In international politics, how the worm has turned for the United States

May 10, 2023
US America and China flags on chess pawns soldiers on a chessboard.

The historian of American foreign policy Gabriel Kolko would often say that those who seek to determine the destiny of humankind were in for surprises and, ultimately, disappointment.

Any vainglorious and limitless ambition to rule the world is doomed to failure, regardless of the state. The world, whether it be the global economy or the politics of other countries, is simply too complex for rational management, even by the world’s only superpower.

Interference and invasions inevitably produce too many unexpected consequences and insoluble problems: specifically terrorism, insurgencies and resistance. Wars usually go awry and become uncontrollable, as Vladimir Putin has come to understand in Ukraine.

Cynical, promiscuous and unsuccessful interventions have long been a feature of US foreign policy regardless of the President of the day. They have almost always left the world more dangerous and uncertain, whilst enhancing anti-Americanism around the world.

The administration of George W. Bush was characterised by illusions, fantasies, incompetence, ignorance and capriciousness. However, these were not unprecedented features of US government, nor did they end with the ascension of Barack Obama in 2009: they are normal for every government which will not learn from history. This is especially true of Great Powers which believe it is their manifest destiny to rule the world.

No state is indispensable, though some clearly have an inflated view of their own influence. Washington’s refusal to acknowledge the limits of its power has long been its greatest strategic error.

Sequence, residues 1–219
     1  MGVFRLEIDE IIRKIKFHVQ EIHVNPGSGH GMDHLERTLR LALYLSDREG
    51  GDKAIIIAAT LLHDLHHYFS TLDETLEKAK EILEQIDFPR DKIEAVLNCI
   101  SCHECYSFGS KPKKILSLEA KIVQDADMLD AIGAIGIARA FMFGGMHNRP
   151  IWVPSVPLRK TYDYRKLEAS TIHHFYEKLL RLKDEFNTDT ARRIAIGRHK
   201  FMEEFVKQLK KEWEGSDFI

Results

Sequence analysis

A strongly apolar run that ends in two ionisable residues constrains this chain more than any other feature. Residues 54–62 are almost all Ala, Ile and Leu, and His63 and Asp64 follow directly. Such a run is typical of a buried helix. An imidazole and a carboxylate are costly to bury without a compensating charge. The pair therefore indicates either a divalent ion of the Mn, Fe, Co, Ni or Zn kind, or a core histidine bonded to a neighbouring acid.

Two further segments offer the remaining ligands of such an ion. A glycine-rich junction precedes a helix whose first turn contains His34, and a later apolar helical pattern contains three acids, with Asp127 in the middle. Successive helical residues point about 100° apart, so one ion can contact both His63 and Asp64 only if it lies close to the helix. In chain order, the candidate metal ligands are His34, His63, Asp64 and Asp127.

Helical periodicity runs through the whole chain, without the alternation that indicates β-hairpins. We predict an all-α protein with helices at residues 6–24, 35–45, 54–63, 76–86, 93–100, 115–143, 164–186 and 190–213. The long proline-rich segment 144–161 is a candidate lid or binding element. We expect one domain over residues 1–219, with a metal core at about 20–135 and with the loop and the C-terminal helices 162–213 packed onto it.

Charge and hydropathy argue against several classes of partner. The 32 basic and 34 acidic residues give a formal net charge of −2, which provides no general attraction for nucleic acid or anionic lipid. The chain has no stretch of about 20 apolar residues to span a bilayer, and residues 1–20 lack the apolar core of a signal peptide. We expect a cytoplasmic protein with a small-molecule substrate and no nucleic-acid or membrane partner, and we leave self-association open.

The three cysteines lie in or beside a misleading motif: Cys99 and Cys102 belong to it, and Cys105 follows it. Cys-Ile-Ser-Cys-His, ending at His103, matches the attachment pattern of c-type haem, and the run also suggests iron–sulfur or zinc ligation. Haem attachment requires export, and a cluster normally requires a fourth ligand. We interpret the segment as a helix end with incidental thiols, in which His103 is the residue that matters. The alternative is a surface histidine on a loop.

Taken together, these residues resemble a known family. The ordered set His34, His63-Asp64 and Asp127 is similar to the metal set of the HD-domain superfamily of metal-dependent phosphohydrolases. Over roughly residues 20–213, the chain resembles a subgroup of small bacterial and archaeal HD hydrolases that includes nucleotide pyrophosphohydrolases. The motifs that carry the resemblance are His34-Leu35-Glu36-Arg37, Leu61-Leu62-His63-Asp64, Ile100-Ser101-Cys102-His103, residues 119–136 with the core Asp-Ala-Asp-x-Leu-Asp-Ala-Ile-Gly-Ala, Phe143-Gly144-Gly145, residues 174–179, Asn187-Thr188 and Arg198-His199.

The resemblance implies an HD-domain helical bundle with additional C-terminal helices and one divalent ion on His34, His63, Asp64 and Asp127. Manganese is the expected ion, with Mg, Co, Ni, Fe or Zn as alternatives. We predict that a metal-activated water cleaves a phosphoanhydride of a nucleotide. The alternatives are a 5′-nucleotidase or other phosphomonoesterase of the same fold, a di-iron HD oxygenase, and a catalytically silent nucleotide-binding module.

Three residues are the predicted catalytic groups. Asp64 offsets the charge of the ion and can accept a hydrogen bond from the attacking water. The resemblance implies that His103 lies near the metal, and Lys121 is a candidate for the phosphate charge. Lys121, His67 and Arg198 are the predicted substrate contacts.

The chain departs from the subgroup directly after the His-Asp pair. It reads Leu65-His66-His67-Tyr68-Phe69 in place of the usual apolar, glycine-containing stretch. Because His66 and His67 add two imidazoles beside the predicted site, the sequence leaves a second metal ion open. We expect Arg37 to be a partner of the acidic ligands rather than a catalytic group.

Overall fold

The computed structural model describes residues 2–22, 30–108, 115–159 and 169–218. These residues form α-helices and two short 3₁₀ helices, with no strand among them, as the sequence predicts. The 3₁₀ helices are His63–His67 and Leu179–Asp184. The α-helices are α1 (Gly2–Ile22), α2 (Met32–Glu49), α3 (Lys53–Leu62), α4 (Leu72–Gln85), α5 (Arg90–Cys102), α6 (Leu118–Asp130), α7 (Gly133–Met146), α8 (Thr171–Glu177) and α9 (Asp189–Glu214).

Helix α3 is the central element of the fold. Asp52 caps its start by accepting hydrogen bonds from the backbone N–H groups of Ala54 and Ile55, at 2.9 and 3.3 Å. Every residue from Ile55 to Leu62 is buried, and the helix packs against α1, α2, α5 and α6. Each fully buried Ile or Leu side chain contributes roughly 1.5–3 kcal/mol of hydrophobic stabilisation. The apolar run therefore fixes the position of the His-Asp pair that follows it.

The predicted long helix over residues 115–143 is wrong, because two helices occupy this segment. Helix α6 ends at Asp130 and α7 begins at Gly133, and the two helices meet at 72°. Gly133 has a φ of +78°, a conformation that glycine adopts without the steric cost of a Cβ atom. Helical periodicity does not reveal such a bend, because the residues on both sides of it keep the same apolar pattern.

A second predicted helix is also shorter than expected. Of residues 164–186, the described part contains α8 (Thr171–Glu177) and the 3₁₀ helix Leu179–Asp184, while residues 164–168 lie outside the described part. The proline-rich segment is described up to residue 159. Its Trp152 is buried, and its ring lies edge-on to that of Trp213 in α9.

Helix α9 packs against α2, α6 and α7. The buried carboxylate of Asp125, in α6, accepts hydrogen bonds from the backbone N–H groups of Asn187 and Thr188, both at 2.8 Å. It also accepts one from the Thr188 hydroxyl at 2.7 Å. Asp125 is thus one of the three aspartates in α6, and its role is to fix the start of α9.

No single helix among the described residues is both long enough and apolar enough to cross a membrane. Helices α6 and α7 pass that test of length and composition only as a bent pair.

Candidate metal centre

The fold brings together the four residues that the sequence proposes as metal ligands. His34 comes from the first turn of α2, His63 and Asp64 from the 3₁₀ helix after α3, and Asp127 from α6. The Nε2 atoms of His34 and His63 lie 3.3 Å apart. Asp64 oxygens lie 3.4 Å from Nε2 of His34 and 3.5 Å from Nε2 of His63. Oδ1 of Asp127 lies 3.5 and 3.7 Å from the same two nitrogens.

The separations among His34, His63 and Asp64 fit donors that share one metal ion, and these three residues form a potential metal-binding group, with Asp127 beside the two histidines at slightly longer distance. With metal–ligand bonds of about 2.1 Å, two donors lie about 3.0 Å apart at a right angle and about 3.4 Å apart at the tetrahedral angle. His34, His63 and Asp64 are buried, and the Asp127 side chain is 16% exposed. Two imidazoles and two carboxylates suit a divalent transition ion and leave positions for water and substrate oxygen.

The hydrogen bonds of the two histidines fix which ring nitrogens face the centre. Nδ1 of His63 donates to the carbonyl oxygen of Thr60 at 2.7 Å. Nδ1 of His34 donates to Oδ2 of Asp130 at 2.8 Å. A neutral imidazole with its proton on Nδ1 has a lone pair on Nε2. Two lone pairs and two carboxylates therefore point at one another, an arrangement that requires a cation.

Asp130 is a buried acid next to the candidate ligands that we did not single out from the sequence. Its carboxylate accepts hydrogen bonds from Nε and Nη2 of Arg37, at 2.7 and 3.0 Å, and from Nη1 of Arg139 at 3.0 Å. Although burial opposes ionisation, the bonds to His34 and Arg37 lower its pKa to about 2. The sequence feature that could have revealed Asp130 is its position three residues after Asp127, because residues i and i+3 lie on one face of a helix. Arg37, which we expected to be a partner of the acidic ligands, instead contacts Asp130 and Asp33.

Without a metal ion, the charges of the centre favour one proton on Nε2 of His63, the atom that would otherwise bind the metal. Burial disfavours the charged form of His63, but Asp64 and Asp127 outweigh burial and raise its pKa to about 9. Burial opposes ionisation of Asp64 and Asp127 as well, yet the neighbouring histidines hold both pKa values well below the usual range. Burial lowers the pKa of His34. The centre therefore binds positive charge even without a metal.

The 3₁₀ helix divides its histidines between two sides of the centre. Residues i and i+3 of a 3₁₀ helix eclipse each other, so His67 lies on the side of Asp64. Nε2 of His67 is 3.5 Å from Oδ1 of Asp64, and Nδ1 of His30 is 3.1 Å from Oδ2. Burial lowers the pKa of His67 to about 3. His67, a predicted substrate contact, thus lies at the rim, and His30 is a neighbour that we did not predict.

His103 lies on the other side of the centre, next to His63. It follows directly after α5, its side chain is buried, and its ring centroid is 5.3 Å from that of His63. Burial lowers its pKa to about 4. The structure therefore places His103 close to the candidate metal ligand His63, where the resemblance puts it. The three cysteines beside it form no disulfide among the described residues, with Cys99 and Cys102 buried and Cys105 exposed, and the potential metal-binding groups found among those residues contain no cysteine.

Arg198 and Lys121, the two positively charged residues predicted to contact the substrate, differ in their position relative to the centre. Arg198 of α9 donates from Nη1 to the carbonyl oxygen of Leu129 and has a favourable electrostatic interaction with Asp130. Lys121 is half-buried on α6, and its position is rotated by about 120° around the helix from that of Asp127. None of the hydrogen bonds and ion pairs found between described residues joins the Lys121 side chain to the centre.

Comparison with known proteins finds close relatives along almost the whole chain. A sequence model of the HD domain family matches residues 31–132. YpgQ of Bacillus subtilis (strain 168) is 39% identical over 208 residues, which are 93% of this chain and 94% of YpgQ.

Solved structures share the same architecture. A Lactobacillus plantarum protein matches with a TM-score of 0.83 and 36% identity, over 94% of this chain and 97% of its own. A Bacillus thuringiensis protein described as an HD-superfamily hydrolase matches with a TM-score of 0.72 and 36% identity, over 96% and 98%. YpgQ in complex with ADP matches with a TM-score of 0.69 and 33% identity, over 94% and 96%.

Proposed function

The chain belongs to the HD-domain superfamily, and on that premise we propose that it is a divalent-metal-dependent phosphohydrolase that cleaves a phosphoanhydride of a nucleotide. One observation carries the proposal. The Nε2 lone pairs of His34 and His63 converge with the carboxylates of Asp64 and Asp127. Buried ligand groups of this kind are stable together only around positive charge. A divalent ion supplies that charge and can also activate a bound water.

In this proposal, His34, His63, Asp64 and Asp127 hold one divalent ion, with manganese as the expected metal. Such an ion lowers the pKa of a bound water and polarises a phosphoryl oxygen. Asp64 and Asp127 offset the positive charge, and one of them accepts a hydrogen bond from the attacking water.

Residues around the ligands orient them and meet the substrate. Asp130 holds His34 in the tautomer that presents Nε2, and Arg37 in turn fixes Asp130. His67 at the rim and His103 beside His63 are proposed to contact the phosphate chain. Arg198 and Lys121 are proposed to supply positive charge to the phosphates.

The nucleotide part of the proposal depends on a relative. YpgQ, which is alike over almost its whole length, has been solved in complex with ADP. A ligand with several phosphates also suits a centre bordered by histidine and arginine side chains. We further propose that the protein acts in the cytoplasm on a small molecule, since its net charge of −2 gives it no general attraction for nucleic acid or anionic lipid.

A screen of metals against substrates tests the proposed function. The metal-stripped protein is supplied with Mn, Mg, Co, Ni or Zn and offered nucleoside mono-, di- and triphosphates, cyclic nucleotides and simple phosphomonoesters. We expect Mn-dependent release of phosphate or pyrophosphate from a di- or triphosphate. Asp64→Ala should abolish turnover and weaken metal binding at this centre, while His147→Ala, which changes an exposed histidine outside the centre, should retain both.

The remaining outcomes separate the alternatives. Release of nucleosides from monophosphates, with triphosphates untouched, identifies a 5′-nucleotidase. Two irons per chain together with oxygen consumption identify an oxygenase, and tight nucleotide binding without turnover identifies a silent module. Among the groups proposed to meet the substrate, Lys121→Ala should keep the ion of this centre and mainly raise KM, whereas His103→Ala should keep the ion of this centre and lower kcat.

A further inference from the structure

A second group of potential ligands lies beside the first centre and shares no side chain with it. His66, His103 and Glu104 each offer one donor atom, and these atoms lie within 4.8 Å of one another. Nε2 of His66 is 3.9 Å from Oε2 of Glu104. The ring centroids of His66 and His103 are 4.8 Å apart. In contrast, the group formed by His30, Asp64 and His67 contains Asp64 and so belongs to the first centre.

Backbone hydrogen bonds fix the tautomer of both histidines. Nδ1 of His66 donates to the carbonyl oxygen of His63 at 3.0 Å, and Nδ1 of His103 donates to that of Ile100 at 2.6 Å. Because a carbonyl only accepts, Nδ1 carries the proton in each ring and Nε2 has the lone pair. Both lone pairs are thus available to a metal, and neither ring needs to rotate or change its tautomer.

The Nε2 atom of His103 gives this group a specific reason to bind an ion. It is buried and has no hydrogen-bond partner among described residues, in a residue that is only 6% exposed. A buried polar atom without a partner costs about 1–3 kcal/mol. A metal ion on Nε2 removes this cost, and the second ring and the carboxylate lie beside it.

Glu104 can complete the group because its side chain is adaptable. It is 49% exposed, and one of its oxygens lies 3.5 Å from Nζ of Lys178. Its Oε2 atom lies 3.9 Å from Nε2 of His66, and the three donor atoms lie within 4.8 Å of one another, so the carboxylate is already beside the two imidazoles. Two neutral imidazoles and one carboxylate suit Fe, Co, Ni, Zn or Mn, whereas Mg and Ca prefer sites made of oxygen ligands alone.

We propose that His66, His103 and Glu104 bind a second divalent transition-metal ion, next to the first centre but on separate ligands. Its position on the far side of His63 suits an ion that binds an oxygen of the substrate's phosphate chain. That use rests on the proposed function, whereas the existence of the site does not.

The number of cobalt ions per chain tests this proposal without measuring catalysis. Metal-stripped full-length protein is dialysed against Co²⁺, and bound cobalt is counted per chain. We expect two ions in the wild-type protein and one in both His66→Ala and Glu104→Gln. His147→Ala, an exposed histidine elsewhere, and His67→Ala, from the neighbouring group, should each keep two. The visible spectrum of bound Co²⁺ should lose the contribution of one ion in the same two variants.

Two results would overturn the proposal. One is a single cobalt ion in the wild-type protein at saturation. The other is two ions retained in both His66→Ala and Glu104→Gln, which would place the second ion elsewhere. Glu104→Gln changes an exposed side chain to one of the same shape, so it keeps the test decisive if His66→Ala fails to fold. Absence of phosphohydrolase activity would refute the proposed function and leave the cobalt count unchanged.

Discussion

The United States has not realised that its comparative advantage in military power rarely, if ever translates into geo-political influence and positive outcomes. That’s because wars are won politically or not at all. Recent disasters in Afghanistan and Iraq are textbook examples of this rule, as was Vietnam in the previous century.

Ultimately, a rival power will appear on the horizon. When it does, prospects for accommodation and co-operation quickly yield to competition and conflict. However, the problems for Washington will only be exacerbated if the new rising Great Power, China, declines to play the arms race game that Washington would always win. That’s one lesson Beijing learnt from the collapse of the Soviet Union.

Whilst the US has a geo-political comparative advantage in weapons, violence and intervention, China is developing a very different one: economic development programs in Eurasia and the Global South: new silk roads, both land and maritime, together with extensive overseas lending and development finance.